When they look to the future, both would love to appear in a production of “West Side Story.” Ferretti said playing Maria would be a dream role, while Burns would love to play Riff. Other roles on their wish lists include Finch in “How To Succeed in Business Without Really Trying” for Burns, and for Ferretti, another Maria and another Julie Andrews role — Maria in “The Sound of Music.” Both are looking into possibilities for the near future, but nothing definite is lined up right now. “Who knows where the wind will take me?” Burns said.

Ferretti would like to continue balancing work with appearing in regional theater. And while Burns may toy with the idea of Broadway, he said right now he is happy performing at local theaters. When it comes to movies and television, both actors said they haven’t considered auditioning for film roles as they prefer working with live audiences.

“I like the fact that if you make a mistake the show has to keep going. You have to keep telling the story as opposed to ‘we can cut, we go back, we can reshoot,’” said Burns.
Ferretti agreed and added, “There’s something more honest about live theater than there is about anything filmed.”

For now the duo are having a great time with the cast and crew of “Mary Poppins,” who they said are a friendly group to work with as well as extremely talented. Ferretti said the crew backstage works incredibly hard to create a show for the audience “that’s like magic for them.” She said she wishes they could sell seats backstage so people could witness what exactly goes on.

Among the numbers performed during “Mary Poppins,” the two admit to having their favorites. Burns loves “Step in Time” while Ferretti said she has fun singing “Supercalifragilisticexpialidocious,” which she said after rehearsals she can easily spell. She also admits to getting misty-eyed when singing “Feed the Birds.”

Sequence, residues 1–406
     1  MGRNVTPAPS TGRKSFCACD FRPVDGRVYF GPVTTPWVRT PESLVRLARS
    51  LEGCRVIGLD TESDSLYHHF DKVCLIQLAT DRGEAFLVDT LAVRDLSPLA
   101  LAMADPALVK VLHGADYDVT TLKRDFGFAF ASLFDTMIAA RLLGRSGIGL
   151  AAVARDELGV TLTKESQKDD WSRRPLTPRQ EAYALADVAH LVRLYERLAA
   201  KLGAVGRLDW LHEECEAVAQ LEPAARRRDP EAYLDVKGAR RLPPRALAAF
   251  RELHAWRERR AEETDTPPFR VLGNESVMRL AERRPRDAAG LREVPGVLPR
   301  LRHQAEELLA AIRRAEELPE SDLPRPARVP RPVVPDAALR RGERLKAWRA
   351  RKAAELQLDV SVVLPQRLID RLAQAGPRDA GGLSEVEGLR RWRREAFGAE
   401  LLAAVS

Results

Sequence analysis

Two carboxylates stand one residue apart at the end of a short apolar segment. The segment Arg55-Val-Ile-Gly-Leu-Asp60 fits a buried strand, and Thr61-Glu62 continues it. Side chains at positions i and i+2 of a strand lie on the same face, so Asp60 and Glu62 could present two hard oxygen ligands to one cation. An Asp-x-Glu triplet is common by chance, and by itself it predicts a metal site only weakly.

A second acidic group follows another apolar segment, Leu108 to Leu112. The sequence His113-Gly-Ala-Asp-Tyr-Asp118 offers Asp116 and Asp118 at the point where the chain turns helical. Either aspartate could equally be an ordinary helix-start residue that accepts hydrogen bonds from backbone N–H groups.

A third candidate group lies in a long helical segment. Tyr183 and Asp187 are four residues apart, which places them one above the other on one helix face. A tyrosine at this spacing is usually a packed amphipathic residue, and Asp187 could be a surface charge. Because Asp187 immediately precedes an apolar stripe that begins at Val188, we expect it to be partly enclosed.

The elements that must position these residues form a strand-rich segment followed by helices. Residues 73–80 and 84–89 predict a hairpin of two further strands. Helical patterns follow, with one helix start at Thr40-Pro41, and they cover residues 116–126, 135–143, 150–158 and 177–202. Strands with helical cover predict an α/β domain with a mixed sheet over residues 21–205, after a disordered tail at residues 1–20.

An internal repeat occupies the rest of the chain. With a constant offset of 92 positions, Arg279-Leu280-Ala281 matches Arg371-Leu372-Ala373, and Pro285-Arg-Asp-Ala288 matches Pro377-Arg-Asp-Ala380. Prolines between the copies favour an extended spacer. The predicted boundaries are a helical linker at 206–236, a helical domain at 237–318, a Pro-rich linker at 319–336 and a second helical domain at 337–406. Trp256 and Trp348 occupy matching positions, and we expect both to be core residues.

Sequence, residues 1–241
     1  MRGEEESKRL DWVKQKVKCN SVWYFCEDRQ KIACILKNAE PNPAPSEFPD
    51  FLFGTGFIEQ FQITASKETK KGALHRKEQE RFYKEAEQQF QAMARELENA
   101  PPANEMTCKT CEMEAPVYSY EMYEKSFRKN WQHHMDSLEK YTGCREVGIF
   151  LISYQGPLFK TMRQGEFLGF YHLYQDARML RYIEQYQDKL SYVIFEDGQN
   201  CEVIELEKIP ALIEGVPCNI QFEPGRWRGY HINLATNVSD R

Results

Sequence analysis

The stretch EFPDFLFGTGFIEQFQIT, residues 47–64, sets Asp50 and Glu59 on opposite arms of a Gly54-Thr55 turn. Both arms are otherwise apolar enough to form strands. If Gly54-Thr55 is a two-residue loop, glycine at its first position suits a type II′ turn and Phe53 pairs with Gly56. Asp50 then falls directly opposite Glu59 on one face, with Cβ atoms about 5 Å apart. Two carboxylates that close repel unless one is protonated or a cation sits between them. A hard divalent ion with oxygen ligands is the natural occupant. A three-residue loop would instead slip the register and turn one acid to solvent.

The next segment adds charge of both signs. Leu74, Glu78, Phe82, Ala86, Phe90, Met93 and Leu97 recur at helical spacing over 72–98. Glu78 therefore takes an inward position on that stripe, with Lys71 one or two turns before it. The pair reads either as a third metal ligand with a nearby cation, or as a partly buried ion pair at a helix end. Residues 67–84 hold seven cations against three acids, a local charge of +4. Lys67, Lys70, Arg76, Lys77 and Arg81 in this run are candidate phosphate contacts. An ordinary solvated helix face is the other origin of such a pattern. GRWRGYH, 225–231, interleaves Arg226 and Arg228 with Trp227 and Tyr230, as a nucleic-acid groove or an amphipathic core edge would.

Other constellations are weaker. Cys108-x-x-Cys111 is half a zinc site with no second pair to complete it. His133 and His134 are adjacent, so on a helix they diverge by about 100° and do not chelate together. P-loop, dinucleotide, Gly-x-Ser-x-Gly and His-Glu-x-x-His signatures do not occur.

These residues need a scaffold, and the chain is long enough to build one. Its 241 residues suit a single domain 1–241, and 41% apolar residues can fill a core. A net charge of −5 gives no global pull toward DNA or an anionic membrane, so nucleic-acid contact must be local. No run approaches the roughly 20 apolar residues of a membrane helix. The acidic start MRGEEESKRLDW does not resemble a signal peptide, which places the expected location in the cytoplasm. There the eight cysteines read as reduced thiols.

When it comes to the excitement of being part of such an endearing story, the actors admit feeling like children at times, and they hope the audiences will enjoy experiencing the magic of “Mary Poppins” with them. Burns said at the end of opening night, he was brought back to his own childhood. “I got emotional when Katie came out to bow. I was standing next to Mary Poppins. It took me back to when I was in Disney World for the first time, and I went to go talk to the woman who I knew was an actress playing Mary Poppins, yet I still got emotional,” said the actor.

Theatergoers have until July 19 to experience the magic of “Mary Poppins” with Ferretti, Burns and the entire cast at the CM Performing Arts Center, 931 Montauk Highway, Oakdale. Tickets range from $20 to $29. For more information, call 218-2810 or visit www.cmpac.com.

Kevin Burns and Katie Ferretti in a scene from ‘Mary Poppins’. Photo by William Sheehan

By Charles J. Morgan

Revivals in the theatah are of two kinds: the supercolossal musical smash and the ones that high school groups can do handily. The latter is exemplified by “The Man Who Came to Dinner,” the former by “Mary Poppins,” which opened in the Noel S. Ruiz Theatre at the CM Performing Arts Center’s massive venue in Oakdale on Saturday.